Can consumer claims that may not be litigated in a class action nonetheless be settled on a class basis without the consumer’s affirmative consent (and, if so, when)?

That's pretty much the topic of The Limits of Comprehensive Peace: The Example of the FLSA by Lonnie Hoffman and Christian Ward. Here is the abstract:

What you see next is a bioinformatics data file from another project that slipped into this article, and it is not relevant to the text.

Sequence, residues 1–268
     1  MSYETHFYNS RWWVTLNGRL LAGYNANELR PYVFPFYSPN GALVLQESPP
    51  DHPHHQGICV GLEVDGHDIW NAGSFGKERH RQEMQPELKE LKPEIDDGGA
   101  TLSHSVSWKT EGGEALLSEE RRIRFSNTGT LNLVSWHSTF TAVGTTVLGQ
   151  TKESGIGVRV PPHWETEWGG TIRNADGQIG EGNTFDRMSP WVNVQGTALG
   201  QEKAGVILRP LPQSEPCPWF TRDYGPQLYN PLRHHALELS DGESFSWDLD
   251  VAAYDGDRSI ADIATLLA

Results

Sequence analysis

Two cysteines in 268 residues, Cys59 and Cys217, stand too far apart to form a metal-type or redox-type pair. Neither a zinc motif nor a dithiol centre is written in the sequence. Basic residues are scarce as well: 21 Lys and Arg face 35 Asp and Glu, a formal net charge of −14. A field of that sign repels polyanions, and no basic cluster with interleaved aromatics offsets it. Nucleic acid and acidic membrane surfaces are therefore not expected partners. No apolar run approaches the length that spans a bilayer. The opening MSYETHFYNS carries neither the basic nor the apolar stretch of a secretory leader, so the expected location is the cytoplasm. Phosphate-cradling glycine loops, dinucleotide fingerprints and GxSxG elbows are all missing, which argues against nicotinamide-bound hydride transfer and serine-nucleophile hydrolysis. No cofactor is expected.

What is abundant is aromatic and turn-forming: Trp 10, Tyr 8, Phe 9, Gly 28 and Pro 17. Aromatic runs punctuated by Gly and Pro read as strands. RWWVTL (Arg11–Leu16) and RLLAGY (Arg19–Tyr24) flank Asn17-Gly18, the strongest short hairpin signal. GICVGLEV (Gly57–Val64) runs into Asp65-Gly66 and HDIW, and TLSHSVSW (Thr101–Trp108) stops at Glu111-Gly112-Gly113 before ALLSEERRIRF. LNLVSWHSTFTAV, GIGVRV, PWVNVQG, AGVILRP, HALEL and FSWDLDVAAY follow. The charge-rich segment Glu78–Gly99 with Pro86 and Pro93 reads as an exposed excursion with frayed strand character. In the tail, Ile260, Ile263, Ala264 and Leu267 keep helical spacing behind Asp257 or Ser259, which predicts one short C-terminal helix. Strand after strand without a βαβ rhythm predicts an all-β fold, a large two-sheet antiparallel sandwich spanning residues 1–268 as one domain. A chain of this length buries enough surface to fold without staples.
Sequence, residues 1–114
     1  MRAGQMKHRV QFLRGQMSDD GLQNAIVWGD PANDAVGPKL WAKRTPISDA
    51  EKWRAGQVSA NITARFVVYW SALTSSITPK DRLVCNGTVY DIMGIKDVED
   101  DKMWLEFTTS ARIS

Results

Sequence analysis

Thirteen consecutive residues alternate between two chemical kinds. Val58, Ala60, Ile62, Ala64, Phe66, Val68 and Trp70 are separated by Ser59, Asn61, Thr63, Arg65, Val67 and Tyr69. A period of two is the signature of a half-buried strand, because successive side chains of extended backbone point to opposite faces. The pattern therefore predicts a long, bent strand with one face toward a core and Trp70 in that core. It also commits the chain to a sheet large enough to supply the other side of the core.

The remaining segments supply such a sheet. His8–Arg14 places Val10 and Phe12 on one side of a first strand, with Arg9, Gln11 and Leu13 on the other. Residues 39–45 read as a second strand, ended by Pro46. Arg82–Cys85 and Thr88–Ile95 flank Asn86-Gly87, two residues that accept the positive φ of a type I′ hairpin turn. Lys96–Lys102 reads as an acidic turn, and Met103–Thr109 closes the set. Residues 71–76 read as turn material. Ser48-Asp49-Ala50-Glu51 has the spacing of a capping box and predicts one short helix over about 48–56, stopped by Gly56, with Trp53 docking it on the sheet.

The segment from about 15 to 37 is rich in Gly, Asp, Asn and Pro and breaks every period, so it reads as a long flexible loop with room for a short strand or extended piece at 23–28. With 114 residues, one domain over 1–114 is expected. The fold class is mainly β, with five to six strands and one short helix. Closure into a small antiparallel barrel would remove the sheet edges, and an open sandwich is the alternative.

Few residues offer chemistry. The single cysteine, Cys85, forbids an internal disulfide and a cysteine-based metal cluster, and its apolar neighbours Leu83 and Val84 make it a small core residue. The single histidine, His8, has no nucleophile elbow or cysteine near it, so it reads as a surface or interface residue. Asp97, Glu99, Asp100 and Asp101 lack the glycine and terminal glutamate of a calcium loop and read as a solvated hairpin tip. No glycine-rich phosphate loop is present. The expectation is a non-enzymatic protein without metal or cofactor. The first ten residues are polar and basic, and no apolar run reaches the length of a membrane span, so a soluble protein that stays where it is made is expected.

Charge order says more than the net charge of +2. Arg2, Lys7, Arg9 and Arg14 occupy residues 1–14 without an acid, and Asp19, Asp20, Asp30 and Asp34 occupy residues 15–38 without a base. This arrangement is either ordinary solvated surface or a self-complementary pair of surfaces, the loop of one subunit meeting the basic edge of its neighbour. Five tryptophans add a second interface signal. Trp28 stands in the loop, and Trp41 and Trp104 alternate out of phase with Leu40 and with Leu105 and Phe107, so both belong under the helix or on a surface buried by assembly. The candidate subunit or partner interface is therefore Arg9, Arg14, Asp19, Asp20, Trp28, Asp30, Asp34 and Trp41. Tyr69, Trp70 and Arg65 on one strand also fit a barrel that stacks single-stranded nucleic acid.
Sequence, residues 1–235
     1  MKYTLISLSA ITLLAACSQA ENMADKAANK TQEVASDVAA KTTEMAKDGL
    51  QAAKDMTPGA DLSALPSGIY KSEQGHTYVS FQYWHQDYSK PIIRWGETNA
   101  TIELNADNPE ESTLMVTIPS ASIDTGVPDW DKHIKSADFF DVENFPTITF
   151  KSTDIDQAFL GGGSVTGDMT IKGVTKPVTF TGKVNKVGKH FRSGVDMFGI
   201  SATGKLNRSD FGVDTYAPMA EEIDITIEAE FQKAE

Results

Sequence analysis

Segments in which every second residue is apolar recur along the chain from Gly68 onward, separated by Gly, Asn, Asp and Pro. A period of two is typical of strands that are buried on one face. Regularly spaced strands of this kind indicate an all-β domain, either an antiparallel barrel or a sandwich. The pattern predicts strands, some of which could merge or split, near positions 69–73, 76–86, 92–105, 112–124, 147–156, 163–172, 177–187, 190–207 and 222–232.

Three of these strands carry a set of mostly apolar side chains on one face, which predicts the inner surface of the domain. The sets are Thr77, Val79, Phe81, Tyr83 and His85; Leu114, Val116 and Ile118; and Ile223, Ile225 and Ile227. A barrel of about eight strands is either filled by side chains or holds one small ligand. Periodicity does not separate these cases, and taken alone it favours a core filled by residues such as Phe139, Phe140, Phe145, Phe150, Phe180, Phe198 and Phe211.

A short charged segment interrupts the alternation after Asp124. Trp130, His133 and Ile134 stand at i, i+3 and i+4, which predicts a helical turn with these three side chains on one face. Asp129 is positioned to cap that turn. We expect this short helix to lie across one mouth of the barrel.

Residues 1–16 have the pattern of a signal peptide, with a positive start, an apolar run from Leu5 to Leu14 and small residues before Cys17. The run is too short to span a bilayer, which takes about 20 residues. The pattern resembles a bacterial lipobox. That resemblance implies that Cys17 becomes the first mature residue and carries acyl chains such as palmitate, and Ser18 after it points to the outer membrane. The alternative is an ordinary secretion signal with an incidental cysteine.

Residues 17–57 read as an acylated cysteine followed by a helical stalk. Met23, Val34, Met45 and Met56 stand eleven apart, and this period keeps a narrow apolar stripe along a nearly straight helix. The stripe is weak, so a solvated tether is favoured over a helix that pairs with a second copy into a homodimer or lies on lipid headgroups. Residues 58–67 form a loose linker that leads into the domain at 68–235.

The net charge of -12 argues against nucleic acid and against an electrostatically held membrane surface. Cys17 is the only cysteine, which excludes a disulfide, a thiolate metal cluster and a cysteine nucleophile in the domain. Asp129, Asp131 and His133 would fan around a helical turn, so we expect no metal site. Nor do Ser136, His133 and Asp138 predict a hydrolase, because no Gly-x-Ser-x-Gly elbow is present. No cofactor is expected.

Normally, cases can be settled on broad terms that release all related claims. Although there are added protections that must be satisfied when a settlement is proposed in the class action context (which are provided by insisting on judicial approval of the proposed deal), even then the class representatives and defendant can usually agree to compromise the class’s ability to later bring all transactionally-related claims. But how should the law deal with cases that involve multiple claims with different claim-vindication procedures? In this paper we consider the FLSA, which is one of the most important examples of such a law. For decades, courts have consistently held that workers aggrieved by an employer’s [FLSA] statutory violations may not use modern opt-out class action procedures to vindicate their rights. A frequently litigated, but unsettled question is whether a class action brought alleging state law wage and hour claims can be settled on terms that require absent class members to release both state and federal {FLSA] claims, even though the federal claims could not have been asserted through the class suit. We argue that this form of settlement is not permitted by the statutory text and that our construction is consistent with the legislative history.

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